Scholarly
    Communications Project


Document Type:Master's Thesis
Name:Timothy James Conway
Email address:Tim.Conway@lmco.com
URN:1997/00148
Title:Scanning Tunneling Microscopy and Adsorption Studies on Single-Crystal Metal Oxide Surfaces
Degree:Master of Science
Department:Chemical Engineering
Committee Chair: Dr. David F. Cox
Chair's email:dfcox@vt.edu
Committee Members:
Keywords:scanning tunneling microscopy, metal oxide surfaces
Date of defense:September 1, 1997
Availability:Release the entire work for Virginia Tech access only.
After one year release worldwide only with written permission of the student and the advisory committee chair.

Abstract:

Natural and synthetic SnO2 samples were studied using scanning tunneling microscopy (STM). The SnO2 surface flattens considerably following high temperature treatments up to 1500 K. The conductivity of the synthetic SnO2 surface is significantly reduced following annealing at temperatures of approximately 1200-1500 K, making tunneling impossible. A decrease in conductivity was not observed for the natural SnO2 sample following similar high temperature treatments, most likely due to impurities which act as dopants. No atomic scale images were collected on the SnO2 surface which provided information regarding atomic positions and point defects on the surface. Water adsorption was studied on the stoichiometric Cr2O3 (1012) surface, using thermal desorption spectroscopy (TDS). Water was the only desorption product observed during TDS. Adsorption is primarily dissociative following exposure to water at 163 K. Approximately, 0.12 monolayers of water dissociate on the clean, nearly stoichiometric Cr2O3 (1012) surface. The first order kinetics observed for the recombination of dissociated water are not well understood. One possible explanation is that the rate limiting step for desorption involves the breaking of a Cr-O bond resulting in a freely diffusing OH species. The exchange of halogen and oxygen was studied on Cr2O3 (1012) using Auger electron spectroscopy (AES) and TDS. The exchange of chlorine and oxygen is completely reversible. Chlorine is removed from the Cr2O3 (1012) surface following exposure to oxygen. Exposure of CFCl2CH2Cl reduces the surface oxygen concentration to that of the clean, nearly stoichiometric Cr2O3 (1012) surface. The exchange of chlorine with oxygen appears to involve only chemisorbed surface oxygen, not bulk lattice oxygen.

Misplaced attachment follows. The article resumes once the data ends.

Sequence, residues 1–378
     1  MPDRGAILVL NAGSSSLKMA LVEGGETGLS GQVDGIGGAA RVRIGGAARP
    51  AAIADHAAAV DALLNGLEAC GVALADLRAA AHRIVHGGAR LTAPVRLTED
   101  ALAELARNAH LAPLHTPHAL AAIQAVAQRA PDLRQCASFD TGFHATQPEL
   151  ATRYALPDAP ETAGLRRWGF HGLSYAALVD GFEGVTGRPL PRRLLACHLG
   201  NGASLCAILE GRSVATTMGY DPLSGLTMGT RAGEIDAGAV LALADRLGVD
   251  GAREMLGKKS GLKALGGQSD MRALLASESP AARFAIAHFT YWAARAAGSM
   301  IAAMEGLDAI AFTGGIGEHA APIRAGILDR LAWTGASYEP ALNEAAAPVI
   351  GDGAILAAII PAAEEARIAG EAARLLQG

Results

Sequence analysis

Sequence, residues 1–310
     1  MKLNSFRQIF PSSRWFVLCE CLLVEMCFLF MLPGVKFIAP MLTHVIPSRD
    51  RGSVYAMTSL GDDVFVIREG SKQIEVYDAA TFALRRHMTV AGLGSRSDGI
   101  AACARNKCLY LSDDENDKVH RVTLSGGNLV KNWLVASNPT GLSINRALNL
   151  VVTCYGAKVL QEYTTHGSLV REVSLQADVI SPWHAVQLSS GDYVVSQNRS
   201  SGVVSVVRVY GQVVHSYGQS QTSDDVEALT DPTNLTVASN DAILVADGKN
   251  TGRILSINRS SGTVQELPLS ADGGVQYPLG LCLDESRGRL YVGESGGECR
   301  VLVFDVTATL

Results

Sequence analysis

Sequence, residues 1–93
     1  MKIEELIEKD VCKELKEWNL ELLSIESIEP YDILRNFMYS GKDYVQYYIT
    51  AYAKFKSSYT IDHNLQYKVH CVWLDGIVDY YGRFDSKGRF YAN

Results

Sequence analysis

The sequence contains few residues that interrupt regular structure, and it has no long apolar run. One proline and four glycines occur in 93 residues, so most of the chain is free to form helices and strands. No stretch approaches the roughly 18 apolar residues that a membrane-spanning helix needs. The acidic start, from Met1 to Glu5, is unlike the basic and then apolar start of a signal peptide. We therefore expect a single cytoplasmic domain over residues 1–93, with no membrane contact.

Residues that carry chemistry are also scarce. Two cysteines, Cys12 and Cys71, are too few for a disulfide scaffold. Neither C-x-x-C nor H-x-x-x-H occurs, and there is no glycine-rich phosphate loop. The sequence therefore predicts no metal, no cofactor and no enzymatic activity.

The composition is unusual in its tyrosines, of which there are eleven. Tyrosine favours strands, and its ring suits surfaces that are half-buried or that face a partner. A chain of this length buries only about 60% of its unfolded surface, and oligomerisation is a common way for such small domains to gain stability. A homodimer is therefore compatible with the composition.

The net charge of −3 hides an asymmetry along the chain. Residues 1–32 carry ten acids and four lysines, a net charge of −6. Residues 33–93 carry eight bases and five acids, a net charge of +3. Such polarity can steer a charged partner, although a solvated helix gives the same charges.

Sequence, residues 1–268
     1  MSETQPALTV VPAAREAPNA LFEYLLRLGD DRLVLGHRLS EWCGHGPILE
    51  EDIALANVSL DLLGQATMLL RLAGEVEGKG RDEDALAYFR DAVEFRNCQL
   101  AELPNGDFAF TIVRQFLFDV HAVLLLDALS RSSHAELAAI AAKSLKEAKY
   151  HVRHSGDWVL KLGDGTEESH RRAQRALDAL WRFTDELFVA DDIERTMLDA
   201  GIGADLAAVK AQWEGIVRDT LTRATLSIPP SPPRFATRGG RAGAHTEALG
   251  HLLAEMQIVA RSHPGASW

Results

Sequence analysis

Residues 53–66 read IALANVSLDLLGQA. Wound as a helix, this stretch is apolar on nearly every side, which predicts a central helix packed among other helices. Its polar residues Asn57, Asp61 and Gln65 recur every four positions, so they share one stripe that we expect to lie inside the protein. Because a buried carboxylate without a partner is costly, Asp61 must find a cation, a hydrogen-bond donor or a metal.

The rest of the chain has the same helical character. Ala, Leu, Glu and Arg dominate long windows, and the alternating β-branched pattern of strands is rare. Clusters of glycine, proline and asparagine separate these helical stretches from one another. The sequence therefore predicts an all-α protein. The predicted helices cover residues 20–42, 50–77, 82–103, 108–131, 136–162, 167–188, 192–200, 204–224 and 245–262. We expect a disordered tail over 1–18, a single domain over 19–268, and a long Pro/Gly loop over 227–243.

List of Attached Files

acknow.pdf chp1.pdf chp2.pdf
chp3.pdf etd.pdf future.pdf
intro.pdf vita.pdf

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